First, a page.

wed 20/03/2019

CD: 8:58 - 8:58 | reviews, news & interviews

CD: 8:58 - 8:58

CD: 8:58 - 8:58

First from Paul Hartnoll since Orbital's demise

"A twist in the fabric of space where time becomes a loop..."

In 2004 the era-defining dance duo Orbital supposedly went their separate ways. In fact, they merely took a four-year sabbatical. Three years later one half of the sibling pairing, Paul Hartnoll, released his debut solo album, The Ideal Condition. It was a lush affair, demonstrating a rich, warm musicality which hinted where Orbital’s melodic chops came from. It didn’t sell but was the best thing either Orbital brother, together or separately, had done in years. The revitalised Orbital then released two further albums, the latter of which, Wonky, was a gem, its closing number, “Where Is It Going?” as good as anything they ever did. Then they split last Autumn, ostensibly once and for all.

Paul Hartnoll is the first brother out of the traps, this time under a new moniker, 8:58. On his second solo album he combines the orchestral leanings and guest singers of The Ideal Condition – including The Cure’s Robert Smith, who's on both albums – with Orbital’s techno agenda. The result is a happy one.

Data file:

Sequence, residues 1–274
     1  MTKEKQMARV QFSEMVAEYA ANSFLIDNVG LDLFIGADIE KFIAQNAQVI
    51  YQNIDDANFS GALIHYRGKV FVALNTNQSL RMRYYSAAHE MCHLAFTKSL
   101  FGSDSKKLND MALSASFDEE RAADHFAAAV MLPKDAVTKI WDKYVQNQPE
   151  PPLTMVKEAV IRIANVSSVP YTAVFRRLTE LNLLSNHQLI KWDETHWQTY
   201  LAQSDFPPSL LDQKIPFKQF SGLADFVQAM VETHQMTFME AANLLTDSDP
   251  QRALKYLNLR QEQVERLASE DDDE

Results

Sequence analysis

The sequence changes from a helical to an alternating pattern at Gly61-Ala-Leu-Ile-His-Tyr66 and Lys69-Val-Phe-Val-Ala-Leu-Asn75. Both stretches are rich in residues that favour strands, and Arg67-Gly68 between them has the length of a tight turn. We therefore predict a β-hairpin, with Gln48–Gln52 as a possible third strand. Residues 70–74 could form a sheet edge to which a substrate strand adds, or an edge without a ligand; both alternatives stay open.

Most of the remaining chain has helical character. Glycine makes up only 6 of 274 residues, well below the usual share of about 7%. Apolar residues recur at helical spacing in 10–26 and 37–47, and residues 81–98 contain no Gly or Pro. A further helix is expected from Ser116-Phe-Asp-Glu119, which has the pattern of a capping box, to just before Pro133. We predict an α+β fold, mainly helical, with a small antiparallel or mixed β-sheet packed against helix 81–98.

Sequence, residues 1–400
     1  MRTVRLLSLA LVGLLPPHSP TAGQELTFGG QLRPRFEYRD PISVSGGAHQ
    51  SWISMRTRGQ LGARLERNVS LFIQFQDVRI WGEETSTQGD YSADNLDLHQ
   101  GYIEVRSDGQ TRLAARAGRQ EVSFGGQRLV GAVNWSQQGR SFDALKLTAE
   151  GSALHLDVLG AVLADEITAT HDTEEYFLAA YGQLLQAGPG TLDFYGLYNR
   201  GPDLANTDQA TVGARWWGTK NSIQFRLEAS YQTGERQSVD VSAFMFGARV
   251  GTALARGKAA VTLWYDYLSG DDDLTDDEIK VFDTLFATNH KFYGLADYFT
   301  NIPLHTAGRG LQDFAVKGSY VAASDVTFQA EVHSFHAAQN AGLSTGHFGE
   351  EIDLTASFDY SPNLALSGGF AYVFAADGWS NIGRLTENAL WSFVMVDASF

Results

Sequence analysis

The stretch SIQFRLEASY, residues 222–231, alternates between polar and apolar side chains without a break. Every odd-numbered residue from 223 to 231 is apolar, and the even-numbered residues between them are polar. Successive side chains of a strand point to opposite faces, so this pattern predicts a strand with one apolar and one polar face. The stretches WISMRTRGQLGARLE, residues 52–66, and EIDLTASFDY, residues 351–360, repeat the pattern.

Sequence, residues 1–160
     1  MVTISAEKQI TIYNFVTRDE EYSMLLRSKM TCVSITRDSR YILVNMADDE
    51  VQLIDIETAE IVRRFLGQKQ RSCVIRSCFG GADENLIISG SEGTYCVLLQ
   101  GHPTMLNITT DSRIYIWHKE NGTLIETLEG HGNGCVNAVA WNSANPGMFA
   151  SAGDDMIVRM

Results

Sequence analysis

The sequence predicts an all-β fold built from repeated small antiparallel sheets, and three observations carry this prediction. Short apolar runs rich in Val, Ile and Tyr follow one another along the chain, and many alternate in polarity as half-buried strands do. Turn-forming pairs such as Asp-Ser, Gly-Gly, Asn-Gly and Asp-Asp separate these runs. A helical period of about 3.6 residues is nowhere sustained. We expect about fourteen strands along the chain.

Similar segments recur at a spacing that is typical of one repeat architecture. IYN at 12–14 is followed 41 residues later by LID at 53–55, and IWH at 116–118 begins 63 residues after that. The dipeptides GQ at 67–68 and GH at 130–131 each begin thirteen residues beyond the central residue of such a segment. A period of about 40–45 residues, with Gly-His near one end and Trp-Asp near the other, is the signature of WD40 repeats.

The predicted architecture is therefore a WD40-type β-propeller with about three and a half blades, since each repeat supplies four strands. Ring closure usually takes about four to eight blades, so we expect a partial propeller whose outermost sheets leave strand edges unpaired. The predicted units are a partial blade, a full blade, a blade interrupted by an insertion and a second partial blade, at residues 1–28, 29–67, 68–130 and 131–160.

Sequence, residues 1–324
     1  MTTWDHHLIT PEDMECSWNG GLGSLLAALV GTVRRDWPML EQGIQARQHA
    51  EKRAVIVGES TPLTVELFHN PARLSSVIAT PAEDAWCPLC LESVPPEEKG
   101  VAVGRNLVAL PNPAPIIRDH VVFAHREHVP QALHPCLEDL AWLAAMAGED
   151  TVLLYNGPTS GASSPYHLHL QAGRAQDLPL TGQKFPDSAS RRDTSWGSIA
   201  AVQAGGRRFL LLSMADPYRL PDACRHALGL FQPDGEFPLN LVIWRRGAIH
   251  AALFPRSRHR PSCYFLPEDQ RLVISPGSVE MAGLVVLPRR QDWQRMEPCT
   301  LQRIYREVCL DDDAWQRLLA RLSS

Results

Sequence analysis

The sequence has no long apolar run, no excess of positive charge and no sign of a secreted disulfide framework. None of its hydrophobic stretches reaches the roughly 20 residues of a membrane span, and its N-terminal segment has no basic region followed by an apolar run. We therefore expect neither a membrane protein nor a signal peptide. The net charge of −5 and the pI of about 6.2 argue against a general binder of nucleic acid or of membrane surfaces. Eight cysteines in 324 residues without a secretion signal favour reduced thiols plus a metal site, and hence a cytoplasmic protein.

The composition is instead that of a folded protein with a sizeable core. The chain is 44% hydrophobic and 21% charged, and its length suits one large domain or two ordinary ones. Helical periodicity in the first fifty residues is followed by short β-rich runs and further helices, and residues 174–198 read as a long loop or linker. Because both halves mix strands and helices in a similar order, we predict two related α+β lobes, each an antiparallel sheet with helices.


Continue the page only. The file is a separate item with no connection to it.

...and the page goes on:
Hartnoll’s interest in the nature of time first surfaced on Orbital 2 (AKA The Brown Album) and now provides a loose theme, with the actor Cillian Murphy popping up on a couple of tracks, both featuring the lines, “What if you could turn away from time’s tyranny? Vanish into a watchless world.” One of them, “8:58”, comes on like a genteely industrialised stab at the Art of Noise’s “Moments in Love”, the other, "The Clock", is pulsing, riveting dancefloor material of the kind Hartnoll's longterm fans will enjoy, as is the driving banger “Nearly There”. Happily the more song-orientated fare mostly works too. The Ed Harcourt-featuring “Villain” is a clunker, stodge clad in electro rags, but the numbers featuring Lisa Knapp, The Unthanks, and Fable work fine, offering varying degrees of the wispy and ethereal blooming into muscular electronic 4/4 drive.

Throughout, Hartnoll maintains a tunefulness that flits stylishly about rather than conventionally shouting its presence, and 8:58 is a fine, more-ish addition to the work of a consistently enjoyable electronic composer.

Overleaf: Watch the video for "The Clock"

Combines orchestral leanings and guest singers with Orbital’s techno agenda. The result is a happy one


Editor Rating: 
Average: 4 (1 vote)

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